|Bid||0.00 x 0|
|Ask||0.00 x 0|
|Day's range||1,027.00 - 1,032.00|
|52-week range||877.91 - 1,151.00|
|Beta (3Y monthly)||0.78|
|PE ratio (TTM)||25.76|
|Forward dividend & yield||N/A (N/A)|
|1y target est||N/A|
When Google launched Duplex with a demo at I/O last year, the audience wasleft wondering how much of the call was staged
The funding takes the total raised by KaiOS -- which has now shipped 100million devices across 100 countries -- to $72 million
SINGAPORE/MANILA (Reuters) - Mobile phone retailers in some Asian countries are refusing to accept Huawei devices for trade-ins, as more consumers look to offload their device on worries Google suspending business with the Chinese firm will disrupt services. Google has said it will comply with an order by U.S. President Donald Trump to stop supplying Huawei, meaning current owners of Huawei phones face being cut off from updates of the Android operating system from late August. Against this backdrop, some customers in Singapore and the Philippines have rushed to sell their Huawei phones, according to retailers and online marketplace data.
The other is the potential withdrawal of its Android license, which would stop Huawei from preinstalling the latest Google-approved version of the operating system and some key services Western users see as necessary — above all Google’s Play Store, the biggest repository of Android apps. This particular obstacle could, under the right conditions, turn into a Huawei strength in Europe, a market that accounts for almost a third of the company’s smartphone unit sales, according to market analytics company IDC.
The tech giants sought to assure lawmakers that they take the threat of foreign influence seriously after being blindsided by Kremlin-backed disinformation campaigns on their platforms during the 2016 election. "There is no silver bullet, but we will continue to work to get it right," said Richard Salgado, Google’s director of law enforcement and information security.
Google's main regulator in the European Union, Ireland's Data Protection Commissioner, opened its first investigation into the U.S. internet giant on Wednesday over how it handles personal data for the purpose of advertising. The probe was the result of a number of submissions against the company, the Irish Data Protection Commissioner (DPC) said, including from privacy-focused web browser Brave, which complained last year that Google and other digital advertising firms were playing fast and loose with people's data. Brave argued that when a person visits a website, intimate personal data that describes them and what they are doing online is broadcast to tens or hundreds of companies without their knowledge in order to auction and place targeted adverts.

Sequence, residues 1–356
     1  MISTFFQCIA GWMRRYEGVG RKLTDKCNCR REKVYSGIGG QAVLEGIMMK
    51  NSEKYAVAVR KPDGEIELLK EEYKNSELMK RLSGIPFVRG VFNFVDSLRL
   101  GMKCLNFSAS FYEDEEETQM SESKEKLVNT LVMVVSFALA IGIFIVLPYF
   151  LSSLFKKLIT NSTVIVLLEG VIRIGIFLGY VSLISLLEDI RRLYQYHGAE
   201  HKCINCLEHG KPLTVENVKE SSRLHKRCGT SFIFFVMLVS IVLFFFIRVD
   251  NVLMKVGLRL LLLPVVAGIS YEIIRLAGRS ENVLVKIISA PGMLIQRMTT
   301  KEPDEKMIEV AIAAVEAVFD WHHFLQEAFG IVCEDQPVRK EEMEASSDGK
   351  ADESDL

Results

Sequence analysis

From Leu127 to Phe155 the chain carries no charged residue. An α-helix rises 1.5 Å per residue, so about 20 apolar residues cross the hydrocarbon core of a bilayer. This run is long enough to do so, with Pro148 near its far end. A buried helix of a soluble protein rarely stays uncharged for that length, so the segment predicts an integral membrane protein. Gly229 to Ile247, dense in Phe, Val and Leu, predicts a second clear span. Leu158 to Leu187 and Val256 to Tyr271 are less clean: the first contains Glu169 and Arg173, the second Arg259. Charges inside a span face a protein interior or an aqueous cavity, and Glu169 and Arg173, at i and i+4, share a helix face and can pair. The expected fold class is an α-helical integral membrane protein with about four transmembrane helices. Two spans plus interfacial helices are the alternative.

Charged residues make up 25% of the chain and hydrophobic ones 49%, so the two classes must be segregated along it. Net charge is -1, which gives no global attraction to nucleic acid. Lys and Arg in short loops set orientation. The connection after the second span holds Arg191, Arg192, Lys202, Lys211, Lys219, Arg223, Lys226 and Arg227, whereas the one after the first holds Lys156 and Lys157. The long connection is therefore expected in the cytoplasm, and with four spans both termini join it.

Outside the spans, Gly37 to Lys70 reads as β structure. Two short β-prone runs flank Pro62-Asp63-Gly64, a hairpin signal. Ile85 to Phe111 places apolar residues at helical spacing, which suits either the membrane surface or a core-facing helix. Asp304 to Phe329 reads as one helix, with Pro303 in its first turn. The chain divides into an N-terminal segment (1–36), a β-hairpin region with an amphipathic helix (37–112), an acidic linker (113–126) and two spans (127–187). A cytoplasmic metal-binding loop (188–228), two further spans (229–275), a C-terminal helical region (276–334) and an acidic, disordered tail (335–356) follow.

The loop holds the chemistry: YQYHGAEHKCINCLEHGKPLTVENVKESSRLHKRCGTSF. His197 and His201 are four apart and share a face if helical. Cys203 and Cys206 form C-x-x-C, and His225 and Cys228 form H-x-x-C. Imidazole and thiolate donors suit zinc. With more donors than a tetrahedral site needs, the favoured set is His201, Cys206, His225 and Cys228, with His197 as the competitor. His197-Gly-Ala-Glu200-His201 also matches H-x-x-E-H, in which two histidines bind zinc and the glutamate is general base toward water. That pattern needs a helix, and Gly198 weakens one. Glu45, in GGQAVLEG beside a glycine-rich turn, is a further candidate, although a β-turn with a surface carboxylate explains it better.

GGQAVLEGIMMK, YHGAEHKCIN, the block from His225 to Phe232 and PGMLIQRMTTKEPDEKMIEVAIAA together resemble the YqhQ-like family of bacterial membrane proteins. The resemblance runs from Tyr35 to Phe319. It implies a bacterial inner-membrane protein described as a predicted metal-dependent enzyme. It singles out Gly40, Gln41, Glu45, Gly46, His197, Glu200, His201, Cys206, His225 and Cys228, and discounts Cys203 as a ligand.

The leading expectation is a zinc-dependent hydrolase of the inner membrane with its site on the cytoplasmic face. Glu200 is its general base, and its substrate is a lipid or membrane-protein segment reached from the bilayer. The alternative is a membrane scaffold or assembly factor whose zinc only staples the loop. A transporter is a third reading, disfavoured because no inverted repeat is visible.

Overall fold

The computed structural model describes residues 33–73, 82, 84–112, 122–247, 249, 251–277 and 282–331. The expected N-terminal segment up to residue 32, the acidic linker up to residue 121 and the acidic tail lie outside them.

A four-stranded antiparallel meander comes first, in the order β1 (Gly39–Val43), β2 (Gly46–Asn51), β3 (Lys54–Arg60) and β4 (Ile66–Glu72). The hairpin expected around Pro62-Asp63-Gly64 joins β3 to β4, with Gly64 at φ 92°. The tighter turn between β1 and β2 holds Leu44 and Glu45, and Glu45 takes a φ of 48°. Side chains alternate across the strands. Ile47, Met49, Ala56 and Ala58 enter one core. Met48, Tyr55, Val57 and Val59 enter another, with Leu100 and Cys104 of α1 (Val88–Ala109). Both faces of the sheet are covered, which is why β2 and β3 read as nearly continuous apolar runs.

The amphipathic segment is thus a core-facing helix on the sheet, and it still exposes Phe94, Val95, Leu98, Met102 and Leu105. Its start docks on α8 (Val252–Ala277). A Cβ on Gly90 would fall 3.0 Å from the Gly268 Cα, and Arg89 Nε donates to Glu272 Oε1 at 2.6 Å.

“The purpose of the inquiry is to establish whether processing of personal data carried out at each stage of an advertising transaction” is in line with the EU’s General Data Protection Regulation, the Irish Data Protection Commission said Wednesday in a statement. Google was earlier this year slapped with a 50 million-euro ($55.8 million) privacy fine by the French data regulator for violating the EU law. Ireland’s data regulator on Jan. 22 became the lead authority to watch over Google’s privacy compliance, after the Alphabet Inc. unit established its main European base in the country.
Apple's step shows how increased public scrutiny is forcing greater transparency in Silicon Valley, particularly as its tech rivals Facebook Inc and Alphabet Inc's Google have struggled with data privacy scandals. At a launch event in March, Apple made privacy the core focus as it introduced Apple News+, a news app that it said would not report what users were reading to advertisers, as well as a credit card with Goldman Sachs that it said would not sell user data to marketers. Earlier this month, Google said it will roll out a dashboard-like function in its Chrome browser to offer users more control in fending off tracking cookies, according to the Wall Street Journal.
Europe's antitrust chief said on Wednesday she did not see any problems with the way Google was complying with her order to boost competition in online shopping, brushing aside complaints from some of the U.S. company's rivals. Hit with a 2.4-billion-euro ($2.7 billion) EU fine two years ago for unfairly promoting its own comparison shopping service, Google has since offered to allow competitors to bid for advertising space at the top of a search page, giving them the chance to compete on equal terms. European Competition Commissioner Margrethe Vestager said the measure appeared to be working.
Walmart Inc will meet large consumer goods companies and advertising firms for the first time in New York next week to pitch its advertising business, as the world's largest retailer aims to rev up its website and stores as a platform for other companies to reach customers. The event marks Walmart's first effort to grow its nascent advertising business and heralds the retailer's rising challenge to online ad leaders Alphabet Inc's Google, Facebook Inc and Amazon.com Inc. The event, called "5260," is named after a Walmart store near the retailer's hometown of Bentonville, Arkansas, which is known for being a test lab for retail innovation, Walmart told Reuters.
Chinese telecoms equipment maker Huawei called itself the victim of U.S. "bullying" on Tuesday and said it was working with Google to respond to trade restrictions imposed by Washington last week, a senior Huawei executive said. Google declined to comment. The U.S. government said it imposed the restrictions because of Huawei's involvement in activities contrary to national security or foreign policy interests.